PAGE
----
This year for the first time I’ve been asked to join a local middle-grades writing class as an experienced NaNoWriMo participant and cheerleader. We’ve had two classes so far, and the kids are a true inspiration with their massive word counts and clever story ideas.
NaNoWriMo might just be for you, too.
Write on and on and on.
Image courtesy of National Novel Writing Month
About NaNoWriMo: https://nanowrimo.org/about
Press Release – September 25, 2017: https://d1lj9l30x2igqs.cloudfront.net/nano-2013/files/2017/09/Press-Release-2017.pdf
8 Best-Selling Books Written During NaNoWriMo That Show You It Can Be Done: https://www.bustle.com/articles/192069-8-best-selling-books-written-during-nanowrimo-that-show-you-it-can-be-done
7 Time Management Lessons from People Who Write a Novel in a Month: https://www.fastcompany.com/3038045/7-time-management-lessons-from-people-who-write-a-novel-in-a-month
Forget it. Resistance is futile. Fall is coming. Embrace it. Here’s some help. A new version of a poem I wrote 20 years ago for my college verse writing class. Do you like it? Does it help? Let me know what you think. Featured image by C. L. Tangenberg
The Blue Jay and the Squirrel Disagree
by C. L. Tangenberg
It was one autumn morning, they became
quite cross while scuffling for a twig that lay
between them, and the squirrel told the bird,
“My friend, no finer twig than this exists,
and I alone must have it for my nest.”
The blue jay heard but quick and feisty squeaks;
it was mere senseless babble to his brain.
Perplexed, indignant, the blue jay cried, “What fuss
you make when clearly this belongs to me.”
And yet, the blue jay was a thief himself.
The squirrel, hearing frantic, screeching screams,
thought the jay would burn his throat that way.
They clawed and pecked each other for the prize
and danced and fluttered ’round the tiny stick,
but soon they wearied of the argument,
and in a final fling to snatch the limb,
with claws and bristled tail, the squirrel shooed
the blue jay, as she crouched and grabbed the twig
in her paws and popped it in her mouth.
She furiously scampered up her tree;
the blue jay, frantic feathers flailing, charged
the squirrel, shrieking at her angrily,
“Stop now, you thief! Bring back my fallen branch,
or by the Sun, I’ll peck you till you die!”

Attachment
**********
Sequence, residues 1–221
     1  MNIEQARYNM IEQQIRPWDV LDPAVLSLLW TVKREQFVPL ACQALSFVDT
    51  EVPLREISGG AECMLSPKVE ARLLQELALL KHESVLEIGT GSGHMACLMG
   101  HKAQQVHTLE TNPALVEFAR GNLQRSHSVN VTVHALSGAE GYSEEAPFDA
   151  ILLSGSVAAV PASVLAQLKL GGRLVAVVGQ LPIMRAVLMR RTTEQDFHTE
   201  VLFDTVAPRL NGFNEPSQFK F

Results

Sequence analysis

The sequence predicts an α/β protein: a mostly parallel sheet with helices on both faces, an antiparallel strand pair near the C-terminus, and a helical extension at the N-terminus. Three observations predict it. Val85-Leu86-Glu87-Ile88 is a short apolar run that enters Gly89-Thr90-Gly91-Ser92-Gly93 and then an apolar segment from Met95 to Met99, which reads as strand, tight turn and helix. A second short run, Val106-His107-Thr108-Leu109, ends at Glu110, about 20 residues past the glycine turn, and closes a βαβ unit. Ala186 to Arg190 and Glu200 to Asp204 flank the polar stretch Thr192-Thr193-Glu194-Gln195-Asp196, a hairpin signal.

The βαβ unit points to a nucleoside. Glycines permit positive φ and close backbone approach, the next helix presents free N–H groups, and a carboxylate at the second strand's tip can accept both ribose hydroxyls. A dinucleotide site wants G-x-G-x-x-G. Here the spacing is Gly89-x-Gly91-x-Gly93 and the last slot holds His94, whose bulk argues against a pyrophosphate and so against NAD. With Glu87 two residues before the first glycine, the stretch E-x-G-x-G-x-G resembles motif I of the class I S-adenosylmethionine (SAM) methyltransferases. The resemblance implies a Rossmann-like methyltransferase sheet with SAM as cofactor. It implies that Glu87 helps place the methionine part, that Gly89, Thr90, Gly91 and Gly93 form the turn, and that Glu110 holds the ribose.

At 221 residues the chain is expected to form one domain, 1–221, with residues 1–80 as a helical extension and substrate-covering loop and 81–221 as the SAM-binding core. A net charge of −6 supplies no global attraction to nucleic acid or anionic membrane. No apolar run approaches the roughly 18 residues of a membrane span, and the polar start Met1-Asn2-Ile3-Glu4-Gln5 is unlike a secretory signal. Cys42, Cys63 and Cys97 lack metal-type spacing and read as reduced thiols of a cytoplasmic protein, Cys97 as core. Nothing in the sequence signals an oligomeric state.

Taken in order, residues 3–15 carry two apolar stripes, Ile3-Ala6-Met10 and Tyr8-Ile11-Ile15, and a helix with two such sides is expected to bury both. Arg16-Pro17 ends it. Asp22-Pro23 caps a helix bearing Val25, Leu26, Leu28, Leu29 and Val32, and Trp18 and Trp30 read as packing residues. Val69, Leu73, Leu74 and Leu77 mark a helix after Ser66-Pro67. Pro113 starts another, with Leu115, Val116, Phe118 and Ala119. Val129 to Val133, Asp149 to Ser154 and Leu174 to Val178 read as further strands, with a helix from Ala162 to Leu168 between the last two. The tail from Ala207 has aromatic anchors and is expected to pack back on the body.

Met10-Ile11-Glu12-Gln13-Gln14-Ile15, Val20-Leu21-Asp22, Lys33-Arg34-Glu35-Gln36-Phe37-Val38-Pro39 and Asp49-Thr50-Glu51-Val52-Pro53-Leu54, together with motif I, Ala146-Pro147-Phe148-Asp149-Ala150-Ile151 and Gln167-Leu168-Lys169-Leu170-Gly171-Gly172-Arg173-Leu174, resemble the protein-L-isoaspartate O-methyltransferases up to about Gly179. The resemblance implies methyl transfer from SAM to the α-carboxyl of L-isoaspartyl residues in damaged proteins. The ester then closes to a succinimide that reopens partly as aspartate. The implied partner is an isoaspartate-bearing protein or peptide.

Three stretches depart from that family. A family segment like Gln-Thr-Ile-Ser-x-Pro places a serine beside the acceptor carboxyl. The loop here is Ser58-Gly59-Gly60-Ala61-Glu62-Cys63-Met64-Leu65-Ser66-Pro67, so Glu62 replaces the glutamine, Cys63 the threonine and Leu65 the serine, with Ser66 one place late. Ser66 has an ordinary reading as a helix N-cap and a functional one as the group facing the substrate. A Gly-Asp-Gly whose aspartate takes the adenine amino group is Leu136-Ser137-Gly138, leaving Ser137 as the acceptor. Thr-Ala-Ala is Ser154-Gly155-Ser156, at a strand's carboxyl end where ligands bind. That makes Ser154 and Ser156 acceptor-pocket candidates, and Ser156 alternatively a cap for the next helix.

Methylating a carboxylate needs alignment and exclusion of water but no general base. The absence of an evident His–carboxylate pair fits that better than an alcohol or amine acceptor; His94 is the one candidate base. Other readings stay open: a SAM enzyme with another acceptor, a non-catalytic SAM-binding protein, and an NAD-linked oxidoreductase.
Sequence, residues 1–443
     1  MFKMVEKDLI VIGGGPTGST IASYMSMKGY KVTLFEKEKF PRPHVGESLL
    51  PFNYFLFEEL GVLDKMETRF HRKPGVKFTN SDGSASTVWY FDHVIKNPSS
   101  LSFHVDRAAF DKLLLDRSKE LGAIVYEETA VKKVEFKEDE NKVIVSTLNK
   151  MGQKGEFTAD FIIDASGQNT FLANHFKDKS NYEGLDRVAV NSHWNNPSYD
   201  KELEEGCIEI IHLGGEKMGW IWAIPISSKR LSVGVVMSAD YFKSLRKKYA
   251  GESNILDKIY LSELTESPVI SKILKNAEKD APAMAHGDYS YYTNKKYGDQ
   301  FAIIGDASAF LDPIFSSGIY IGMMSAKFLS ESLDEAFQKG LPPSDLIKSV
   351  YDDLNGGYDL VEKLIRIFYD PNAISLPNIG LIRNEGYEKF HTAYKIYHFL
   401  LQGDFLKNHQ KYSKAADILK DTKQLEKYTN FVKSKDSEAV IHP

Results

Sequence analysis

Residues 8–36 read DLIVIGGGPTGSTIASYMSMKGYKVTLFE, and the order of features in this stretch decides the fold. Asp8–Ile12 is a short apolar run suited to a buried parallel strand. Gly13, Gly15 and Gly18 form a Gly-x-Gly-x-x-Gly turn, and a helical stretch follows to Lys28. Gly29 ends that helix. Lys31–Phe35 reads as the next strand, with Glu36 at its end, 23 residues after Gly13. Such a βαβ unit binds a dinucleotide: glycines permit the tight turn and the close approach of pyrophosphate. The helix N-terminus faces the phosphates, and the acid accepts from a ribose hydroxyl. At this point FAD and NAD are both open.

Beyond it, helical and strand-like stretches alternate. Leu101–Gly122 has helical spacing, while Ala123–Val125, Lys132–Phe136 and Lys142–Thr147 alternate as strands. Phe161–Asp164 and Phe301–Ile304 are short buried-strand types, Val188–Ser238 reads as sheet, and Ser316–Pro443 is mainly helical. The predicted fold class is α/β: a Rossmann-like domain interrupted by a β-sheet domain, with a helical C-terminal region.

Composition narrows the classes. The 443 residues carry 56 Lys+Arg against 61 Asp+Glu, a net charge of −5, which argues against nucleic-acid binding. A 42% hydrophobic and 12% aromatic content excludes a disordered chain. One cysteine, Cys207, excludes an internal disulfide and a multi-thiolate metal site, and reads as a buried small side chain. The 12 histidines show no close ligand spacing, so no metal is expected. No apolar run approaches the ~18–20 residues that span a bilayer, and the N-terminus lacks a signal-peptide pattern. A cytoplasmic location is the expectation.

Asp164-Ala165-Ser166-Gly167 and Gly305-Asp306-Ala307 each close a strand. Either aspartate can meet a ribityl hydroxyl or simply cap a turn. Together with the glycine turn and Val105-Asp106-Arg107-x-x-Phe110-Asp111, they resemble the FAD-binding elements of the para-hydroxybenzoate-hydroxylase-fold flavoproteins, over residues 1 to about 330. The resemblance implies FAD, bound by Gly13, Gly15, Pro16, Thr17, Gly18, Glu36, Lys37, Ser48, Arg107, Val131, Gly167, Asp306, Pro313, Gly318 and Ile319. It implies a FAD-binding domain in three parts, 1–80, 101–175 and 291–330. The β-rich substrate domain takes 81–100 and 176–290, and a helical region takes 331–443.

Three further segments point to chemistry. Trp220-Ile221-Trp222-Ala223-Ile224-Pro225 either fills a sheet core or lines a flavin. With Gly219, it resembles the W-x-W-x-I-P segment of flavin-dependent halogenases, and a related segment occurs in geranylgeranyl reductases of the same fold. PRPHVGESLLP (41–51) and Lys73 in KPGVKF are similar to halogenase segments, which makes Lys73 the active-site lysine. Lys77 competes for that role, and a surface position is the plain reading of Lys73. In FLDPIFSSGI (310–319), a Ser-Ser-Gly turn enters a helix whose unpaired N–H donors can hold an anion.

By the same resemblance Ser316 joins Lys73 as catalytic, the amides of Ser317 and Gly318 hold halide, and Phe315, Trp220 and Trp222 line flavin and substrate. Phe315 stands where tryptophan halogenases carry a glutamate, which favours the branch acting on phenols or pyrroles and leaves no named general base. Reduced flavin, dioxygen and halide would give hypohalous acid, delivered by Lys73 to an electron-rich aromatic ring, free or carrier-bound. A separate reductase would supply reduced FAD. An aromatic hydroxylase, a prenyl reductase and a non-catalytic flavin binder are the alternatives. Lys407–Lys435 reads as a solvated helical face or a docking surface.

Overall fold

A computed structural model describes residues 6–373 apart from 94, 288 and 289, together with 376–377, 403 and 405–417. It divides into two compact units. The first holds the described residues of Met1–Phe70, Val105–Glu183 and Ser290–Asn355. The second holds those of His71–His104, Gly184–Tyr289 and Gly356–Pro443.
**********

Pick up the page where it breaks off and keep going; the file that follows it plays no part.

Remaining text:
The squirrel, laughing, scaled the wrinkled oak.
“Sweet acorns! What a maddened bird you are!
In such a state would you trespass my home?”
And sure enough the blue jay seemed possessed,
to chase the squirrel to her nest above.
The squirrel reached her home, released the twig
and turned around to face the flying fowl;
and daring failed the blue jay as he met
the squirrel’s den; instead he perched and cried,
“You pesky squirrel! You are the Greed and Shame
of these great Woods, and from this day henceforth,
I swear I’ll sing your shame to everyone!”
The blue jay flew away and found his nest,
his gorgeous feathers splayed against the sky.
“My! My!” the squirrel panted with relief,
and raising up the twig, she thought aloud,
“What nonsense from that old, blue feather-head!
Were I to know the words he seemed to squawk,
I might have gladly answered him again.
As to the coded tongue he speaks, I’m sure
I lack the smallest clue; and too, I doubt
that any of our other neighbors do.”
Backyard Brief from shots taken March 14, 2017
As much as I pulled the trigger, this lone winter goldfinch graced only my closest third look with true color–which I then enhanced.
My Life had stood - a Loaded Gun - by Emily Dickinson My Life had stood - a Loaded Gun - In Corners - till a Day The Owner passed - identified - And carried Me away - And now We roam in Sovereign Woods - And now We hunt the Doe - And every time I speak for Him The Mountains straight reply -
And do I smile, such cordial light Upon the Valley glow - It is as a Vesuvian face Had let its pleasure through -
And when at Night - Our good Day done - I guard My Master's Head - 'Tis better than the Eider-Duck's Deep Pillow - to have shared -
To foe of His - I'm deadly foe - None stir the second time - On whom I lay a Yellow Eye - Or an emphatic Thumb -
Though I than He - may longer live He longer must - than I - For I have but the power to kill, Without - the power to die -